Book report: The Spirit Level
17/04/2012 § 9 Comments
The Spirit Level puts forth the thesis that more-equal societies are better places for everyone; rich and poor both suffer from inequality. It marshalls many graphs and references to support the thesis. There seem to be two problems with the book. One, the authors are in love with their big idea, and make all the details fall in behind. Two, the data don’t necessarily support the thesis.
The book has been discussed, debated, debunked, and defended extensively, so I do wonder what I can constructively and accurately add. Let me start with some key links:
- The Equality Trust was founded to support the work of the authors to reduce inequality.
- The TaxPayers’ Alliance has taken on the book, its arguments, and its referencing. They found major problems with the research, including misrepresenting the findings of academic papers, cherry-picking of data, and non-replicability of findings.
- The Spirit Level Delusion is a book and blog that takes on the book’s ‘theory of everything’. It has new graphs and good discussions of the datasets, and reveals inconsistencies in the analysis.
Consider yourself fully warned.
Here is one tiny example, a synecdoche for the book’s general sloppiness. In the chapter ‘Building the Future’, the authors say:
The need to provide unrestricted free access in order to maximize the public benefit was offered as an economic explanation of why roads and bridges were in public ownership — until government began to try to recoup the costs of road building by charging tolls.
This says that we used to finance roads publicly, and then government invented toll roads. As it happens, I grew up not far from Little River Turnpike, which was a toll road over 200 years ago. Oh, and Columbia Pike was chartered in 1810. Toll roads aren’t a new idea, and it isn’t the fault of some neoliberal, pro-inequality conspiracy that we suddenly have them. By an accident of geography, I happen to know a bit of toll-road history. So I wonder, what else is wrong with the book? This is where the websites linked above are useful. They have three general charges:
- mis-representing other research
- cherry-picking data
- ignoring contrary findings.
Mis-representing other research is the most serious charge. It is one thing to ignore other research; it is something much worse to cite it to support of your argument when it doesn’t. The critics rightly say that this is exactly what Wilkinson and Pickett do. Take the work of James Heckman. I skimmed this report (pdf) from Cunha and Heckman (or see this similar NBER report). Heckman is talking about the impacts of inequality on people who are disadvantaged. The work isn’t about about how unequal societies perform worse for everyone, which is the thesis of The Spirit Level.
The complaints about cherry-picking data are sometimes important and sometimes not. I wouldn’t tend to be worried about whether Slovenia is in the dataset or not, for example. However, it is fascinating that the significance of the relationship depends on the countries chosen. That suggests that we may have an interesting thesis, but more work needs to be done. The complaints about choosing different series of data are also possibly non-issues. Working with these sorts of international datasets is hard and messy; compromise is inevitable. The two key things are: say what you’ve done (and why), and be prepared to back off your conclusions if new evidence calls them into question.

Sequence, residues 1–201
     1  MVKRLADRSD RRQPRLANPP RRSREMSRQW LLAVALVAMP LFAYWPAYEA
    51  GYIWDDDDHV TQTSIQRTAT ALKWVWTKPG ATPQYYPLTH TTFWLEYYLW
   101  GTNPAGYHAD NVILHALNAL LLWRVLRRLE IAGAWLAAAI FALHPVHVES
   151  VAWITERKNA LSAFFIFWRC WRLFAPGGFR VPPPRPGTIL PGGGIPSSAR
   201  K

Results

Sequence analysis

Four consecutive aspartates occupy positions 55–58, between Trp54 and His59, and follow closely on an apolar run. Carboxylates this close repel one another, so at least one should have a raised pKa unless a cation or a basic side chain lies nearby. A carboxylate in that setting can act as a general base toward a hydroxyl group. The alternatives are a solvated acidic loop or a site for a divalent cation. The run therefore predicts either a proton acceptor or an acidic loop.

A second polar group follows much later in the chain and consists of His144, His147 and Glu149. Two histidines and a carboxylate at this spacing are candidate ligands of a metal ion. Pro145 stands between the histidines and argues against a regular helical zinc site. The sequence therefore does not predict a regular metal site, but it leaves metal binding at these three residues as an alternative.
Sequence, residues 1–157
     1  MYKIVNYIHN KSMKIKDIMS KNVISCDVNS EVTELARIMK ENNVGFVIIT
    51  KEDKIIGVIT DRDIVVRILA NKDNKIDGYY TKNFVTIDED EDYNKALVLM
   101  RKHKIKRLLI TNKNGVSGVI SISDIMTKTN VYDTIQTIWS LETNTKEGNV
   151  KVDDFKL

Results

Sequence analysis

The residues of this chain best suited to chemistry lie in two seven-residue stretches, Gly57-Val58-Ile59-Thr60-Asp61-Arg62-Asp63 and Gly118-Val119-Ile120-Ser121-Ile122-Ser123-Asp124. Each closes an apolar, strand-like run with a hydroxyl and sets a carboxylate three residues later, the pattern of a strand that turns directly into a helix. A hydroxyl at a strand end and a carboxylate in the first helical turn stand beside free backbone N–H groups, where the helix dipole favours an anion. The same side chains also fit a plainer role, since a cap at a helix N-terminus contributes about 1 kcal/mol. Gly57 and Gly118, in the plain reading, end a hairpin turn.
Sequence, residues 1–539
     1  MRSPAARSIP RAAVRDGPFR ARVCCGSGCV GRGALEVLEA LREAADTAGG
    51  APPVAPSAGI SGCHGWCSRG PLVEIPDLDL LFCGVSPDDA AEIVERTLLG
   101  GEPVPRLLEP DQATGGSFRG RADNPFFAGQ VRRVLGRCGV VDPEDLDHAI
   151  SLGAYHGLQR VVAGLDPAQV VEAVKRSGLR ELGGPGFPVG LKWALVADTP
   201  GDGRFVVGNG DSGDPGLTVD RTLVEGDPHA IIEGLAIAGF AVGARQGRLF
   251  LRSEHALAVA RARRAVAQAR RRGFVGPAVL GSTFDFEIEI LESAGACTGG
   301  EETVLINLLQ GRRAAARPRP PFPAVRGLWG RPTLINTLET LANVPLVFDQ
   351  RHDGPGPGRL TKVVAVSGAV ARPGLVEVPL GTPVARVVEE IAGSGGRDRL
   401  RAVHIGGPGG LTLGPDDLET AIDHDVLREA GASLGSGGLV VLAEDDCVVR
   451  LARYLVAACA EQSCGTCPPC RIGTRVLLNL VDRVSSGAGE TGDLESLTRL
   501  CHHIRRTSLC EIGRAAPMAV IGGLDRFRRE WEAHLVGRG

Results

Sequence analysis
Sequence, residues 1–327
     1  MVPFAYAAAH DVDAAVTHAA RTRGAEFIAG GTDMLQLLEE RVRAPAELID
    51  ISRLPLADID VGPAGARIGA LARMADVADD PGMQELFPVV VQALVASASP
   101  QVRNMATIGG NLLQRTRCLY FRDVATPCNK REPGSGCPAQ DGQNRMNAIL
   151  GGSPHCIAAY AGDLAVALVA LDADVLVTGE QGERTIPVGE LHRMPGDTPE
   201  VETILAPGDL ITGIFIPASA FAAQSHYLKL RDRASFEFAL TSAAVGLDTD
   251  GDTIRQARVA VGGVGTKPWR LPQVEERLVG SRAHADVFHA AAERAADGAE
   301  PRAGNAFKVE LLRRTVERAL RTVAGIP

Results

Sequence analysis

The complaints about ignoring contrary evidence work at two different levels. If we think just about the book, it isn’t an important criticism. The authors have a thesis and they put forward the evidence. They aren’t under any obligation to show you the contrary evidence. The second level, then, is how you as a reader and we as citizens decide to use this one book. The responsible thing is to look around and see what else is there. Are there alternative theories explaining the same data? Also, is there other research dis-proving the thesis?
One of the authors cited as providing contrary evidence is Angus Deaton. His book Economics and consumer behavior (with John Muellbauer) is an essential reference for microeconomic work, so I’m prepared to take his word/findings over Wilkinson and Pickett’s. I looked at one of Deaton’s papers. He says:
But it is not true that income inequality itself is a major determinant of population health. There is no robust correlation between life expectancy and income inequality among the rich countries, and the correlation across the states and cities of the United States is almost certainly the result of something that is correlated with income inequality, but that is not income inequality itself.
So, yeah, that pretty much says the opposite of The Spirit Level. Again, Wilkinson and Pickett are not required to tell you that this other research is out there. However, caveat lector means that you should inform yourself.
None of that, though, is the central problem with the book. As I said at the beginning, they are in love with their thesis. ‘Inequality’ functions for them as a fetish, in exactly the way that Zizek describes the role of ideology. Ideology can function as fetish or symptom, and in the modern world functions as both at once:
it enables you to fully participate in the frantic capitalist game while sustaining the perception that you are not really in it.
Wilkinson and Pickett propose to reorient the economy around a new fetish/symptom, ‘equality’. But, if inequality is as fundamental to some societies as the data suggest, it can’t be just a case of shifting them a bit or reorienting them. Real change would have to be more fundamental. Instead, the authors have covered over this conclusion with a bit of ideologic paste.